Taurus Four, by Rena Vale
January, 1970 Paperback Library
Hippies in space! Well, that’s sort of the premise of this paperback original, or at least what’s hyped on the back cover. In reality the hippies of this “2270 AD” are more along the lines of stone age primitives, with the intelligence level to match. Okay so they’re just like regular hippies…only they’re on another planet.
Rena Vale had a career that was sort of the opposite of Leigh Brackett’s; she started as a screenwriter in Hollywood in the ‘30s, then moved to writing science fiction stories and novels in the ‘50s. Taurus Four was one of her last novels; she died in 1983. The cool psychedelic cover, by the way (which I’m assuming is by Robert Foster, given its similarity to Foster’s cover for Mythmaster), has nothing to do with the actual contents of the book – not sure what the hell’s going on there, but you won’t find anything like it occuring in the novel.
You also won’t find any space hippies of the sort featured in the “classic” Star Trek episode “The Way To Eden” (I put “classic” in mocking quotes but I actually enjoy that episode…I mean Mr. Spock channeling his inner Hendrix on a Vulcan harp, what’s not to love?). Which admittedly is what I was hoping for when I cracked open this slim paperback. Instead, it’s more of a character-driven piece about a portly but determined “space sociologist” who crash-lands on a planet in the Taurus system and there encounters a group of hippies, descendants of ones who were abducted from Earth centuries before.
Our hero is Dorian Frank XIV, out on his first mission; his assignment is to inspect the planet Taurus Four with its two suns and determine if it is suitable for human colonization. But he crashes his ship and is stranded here for two months until the mother ship can come collect him. Dorian is an interesting character; coddled due to the emasculating nature of the 23rd century, in which women run everything. This is total prescience on the part of Ms. Vale, but don’t go dusting off your “I’m With Her” banners just yet – she clearly is not fond of the idea.
In Vale’s future, “space is the man’s world;” women, having cemented their authority on Earth, have no desire to travel in space. Thus it is men who fling about the cosmos, declaring habitable planets for Earth; the women who do go into space usually do so in the capacity of servants to the men. Space is the only place where men can be men, yet they are for the most part confused about what exactly “being a man” entails:
The male aggressiveness was fading out of the human race…Women forged ahead in the professions and in politics; they took over many, if not most of the Earthside positions. As a rule, they dominated their mates, made puppets of them.
Male-female relationships on Earth had become tests of strength…of willpower. Men loved women for their physical charm and grudgingly ceded as much of their independence as necessary to obtain their desires. Women loved men who obeyed their commands.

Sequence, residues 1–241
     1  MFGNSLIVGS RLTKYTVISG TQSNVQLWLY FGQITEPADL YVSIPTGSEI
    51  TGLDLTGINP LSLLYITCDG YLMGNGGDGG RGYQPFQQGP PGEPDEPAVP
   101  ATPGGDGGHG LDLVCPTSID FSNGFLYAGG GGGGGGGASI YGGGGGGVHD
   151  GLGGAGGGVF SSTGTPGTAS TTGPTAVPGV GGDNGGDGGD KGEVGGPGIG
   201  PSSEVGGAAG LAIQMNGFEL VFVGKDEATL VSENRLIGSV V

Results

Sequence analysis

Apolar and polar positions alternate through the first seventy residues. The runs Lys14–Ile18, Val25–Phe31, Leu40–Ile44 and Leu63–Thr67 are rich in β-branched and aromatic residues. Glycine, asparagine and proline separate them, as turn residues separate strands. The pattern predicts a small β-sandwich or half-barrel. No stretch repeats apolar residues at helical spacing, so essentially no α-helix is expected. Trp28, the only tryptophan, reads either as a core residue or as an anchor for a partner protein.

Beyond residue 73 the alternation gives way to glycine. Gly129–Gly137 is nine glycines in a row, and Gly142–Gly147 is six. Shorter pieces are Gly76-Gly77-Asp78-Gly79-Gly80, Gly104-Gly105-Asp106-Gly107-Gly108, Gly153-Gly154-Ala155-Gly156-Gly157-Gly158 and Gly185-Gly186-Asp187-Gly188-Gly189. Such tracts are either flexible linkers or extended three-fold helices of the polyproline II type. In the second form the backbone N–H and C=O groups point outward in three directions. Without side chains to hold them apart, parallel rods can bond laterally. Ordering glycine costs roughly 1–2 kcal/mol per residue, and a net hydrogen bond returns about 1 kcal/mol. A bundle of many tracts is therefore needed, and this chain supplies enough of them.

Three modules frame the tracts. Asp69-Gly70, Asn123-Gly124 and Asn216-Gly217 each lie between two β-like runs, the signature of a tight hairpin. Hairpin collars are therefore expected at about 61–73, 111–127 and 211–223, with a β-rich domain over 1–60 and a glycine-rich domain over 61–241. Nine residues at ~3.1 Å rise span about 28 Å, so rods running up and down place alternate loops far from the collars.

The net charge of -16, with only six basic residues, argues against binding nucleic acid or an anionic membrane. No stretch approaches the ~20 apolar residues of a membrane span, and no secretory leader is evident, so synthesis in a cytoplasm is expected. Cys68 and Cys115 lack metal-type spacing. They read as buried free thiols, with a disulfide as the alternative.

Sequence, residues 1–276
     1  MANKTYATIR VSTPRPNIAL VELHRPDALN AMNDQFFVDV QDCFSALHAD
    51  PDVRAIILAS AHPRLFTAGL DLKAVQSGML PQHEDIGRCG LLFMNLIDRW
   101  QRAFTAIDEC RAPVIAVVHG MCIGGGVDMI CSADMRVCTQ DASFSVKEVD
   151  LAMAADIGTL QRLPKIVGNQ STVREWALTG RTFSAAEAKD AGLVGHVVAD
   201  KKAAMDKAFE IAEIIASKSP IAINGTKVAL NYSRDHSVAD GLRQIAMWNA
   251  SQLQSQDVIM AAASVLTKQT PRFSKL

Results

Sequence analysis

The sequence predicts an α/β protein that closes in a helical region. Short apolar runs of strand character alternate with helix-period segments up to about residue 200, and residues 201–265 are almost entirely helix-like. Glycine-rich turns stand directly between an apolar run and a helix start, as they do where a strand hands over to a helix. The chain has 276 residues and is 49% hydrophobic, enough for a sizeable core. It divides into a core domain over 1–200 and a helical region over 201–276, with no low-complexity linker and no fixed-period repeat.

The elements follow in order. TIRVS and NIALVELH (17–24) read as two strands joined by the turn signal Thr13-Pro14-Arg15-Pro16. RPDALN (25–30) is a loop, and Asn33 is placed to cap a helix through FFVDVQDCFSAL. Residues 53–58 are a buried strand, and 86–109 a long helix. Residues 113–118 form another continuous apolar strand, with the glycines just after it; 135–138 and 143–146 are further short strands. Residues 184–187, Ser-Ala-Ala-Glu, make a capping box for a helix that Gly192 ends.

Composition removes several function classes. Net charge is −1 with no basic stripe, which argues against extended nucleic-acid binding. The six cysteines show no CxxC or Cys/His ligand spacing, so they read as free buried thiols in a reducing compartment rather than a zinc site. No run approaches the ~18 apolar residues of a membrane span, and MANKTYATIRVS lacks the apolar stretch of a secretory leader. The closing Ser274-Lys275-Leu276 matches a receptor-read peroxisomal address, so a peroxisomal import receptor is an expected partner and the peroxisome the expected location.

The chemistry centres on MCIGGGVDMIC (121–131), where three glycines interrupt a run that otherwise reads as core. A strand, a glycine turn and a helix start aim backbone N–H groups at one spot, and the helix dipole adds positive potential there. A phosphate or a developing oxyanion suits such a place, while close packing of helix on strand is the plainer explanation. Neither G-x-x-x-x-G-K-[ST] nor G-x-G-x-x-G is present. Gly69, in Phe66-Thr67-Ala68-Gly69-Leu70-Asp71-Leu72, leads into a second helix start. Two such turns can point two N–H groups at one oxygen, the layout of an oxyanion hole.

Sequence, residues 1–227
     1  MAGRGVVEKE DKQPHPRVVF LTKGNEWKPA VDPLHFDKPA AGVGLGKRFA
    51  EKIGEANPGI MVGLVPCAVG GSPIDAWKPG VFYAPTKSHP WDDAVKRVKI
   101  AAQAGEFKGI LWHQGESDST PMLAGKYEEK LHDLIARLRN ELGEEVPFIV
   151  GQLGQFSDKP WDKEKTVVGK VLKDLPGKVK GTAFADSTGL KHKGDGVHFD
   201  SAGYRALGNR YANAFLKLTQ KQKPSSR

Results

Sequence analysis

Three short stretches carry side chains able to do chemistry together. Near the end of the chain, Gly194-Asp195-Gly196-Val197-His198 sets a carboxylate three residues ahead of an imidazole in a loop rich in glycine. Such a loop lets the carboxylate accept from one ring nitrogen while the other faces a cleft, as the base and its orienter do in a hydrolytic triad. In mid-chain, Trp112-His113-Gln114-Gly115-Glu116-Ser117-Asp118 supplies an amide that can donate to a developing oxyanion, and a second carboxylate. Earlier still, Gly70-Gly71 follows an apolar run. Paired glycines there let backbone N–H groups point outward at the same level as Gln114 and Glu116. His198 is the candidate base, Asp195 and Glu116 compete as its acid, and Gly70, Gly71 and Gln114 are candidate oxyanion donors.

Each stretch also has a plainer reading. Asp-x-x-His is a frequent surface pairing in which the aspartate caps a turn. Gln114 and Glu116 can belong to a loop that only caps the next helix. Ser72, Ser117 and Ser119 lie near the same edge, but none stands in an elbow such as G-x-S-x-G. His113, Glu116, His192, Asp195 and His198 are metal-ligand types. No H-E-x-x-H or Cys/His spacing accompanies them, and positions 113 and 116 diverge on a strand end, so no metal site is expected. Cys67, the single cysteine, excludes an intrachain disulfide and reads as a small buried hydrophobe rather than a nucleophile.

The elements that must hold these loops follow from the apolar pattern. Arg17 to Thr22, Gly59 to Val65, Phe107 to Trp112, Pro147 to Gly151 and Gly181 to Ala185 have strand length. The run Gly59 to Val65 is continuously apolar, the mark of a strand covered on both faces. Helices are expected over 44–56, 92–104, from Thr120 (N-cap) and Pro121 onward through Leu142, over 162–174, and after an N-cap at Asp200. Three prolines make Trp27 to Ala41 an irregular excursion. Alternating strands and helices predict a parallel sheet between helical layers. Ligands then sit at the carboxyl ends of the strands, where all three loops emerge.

Damn, if I could go back in time I’d have the preacher read that last one at my wedding!
Dorian encounters all manner of flora and fauna on Taurus Four, which has an Earth-like atmosphere, save for the two suns; one is red, and the “night” sun is a white ball of fire that paints the sky in psychedelic hues. There are tree roots that move in the soil, fawn-like creatures that are harmless, bats that nearly rip Dorian to shreds, and intelligent bear-like creatures which Dorian is certain are not native to the planet. He will turn out to be correct; these are the daels, or at least so referred to by the transplanted hippies, and they too are part of a colonization party.
The hippies don’t appear until a quarter of the way through; Dorian stumbles upon them after a near-fatal encounter with vampire bats. Their presence initially baffles him, as Taurus Four was marked as an uninhabitated planet. Plus they are not only humans, but Earthlings – ones who speak to Dorian in English, at that. Though it is a crude, gutteral English, and these people have descended fully into tribalism. They go about nude, the men sporting long hair, rangy beards, and nails so long they are claws. The women are practically baby-making machines, some of them having born fourteen childreen. Even the “crones” are naked, much to Dorian’s discomfort.
Dorian gradually learns the history of the colony, his memory sparked by a tale told by elderly “witch” Bernedine, who recalls a story from the time of “twenty grandmothers ago.” Basically, a hippie in Haight Ashbury in the late ‘60s was approached by a reptilian being, which promised to take the hippie and his flock to a faraway place where they could live free, in the commune fashion the hippies so loved. Dorian instantly understands what happened; in the time of the “Space War,” two hundred years before, the “green Saurians from the Cygnus chain” abducted many humans; abductions which eventually sparked the war.
In his history classes, Dorian heard vague mentions of hippies that disappeared in that long-ago era, but Dorian in his time has no concept of the hippies, only that they were part of a “drug culture.” He realizes that he has stumbled upon the descendants of those Saurian abductees, living here in primitive squalor on Taurus Four. And they are a primitive bunch, sacrificing “virgin white” women to the “god in the well” so that the daels – ie the “devils” in their pidgin English – won’t come eat everyone. There is also the “daelsnarks” in the ocean, which apparently refers to sharks, but these go unseen.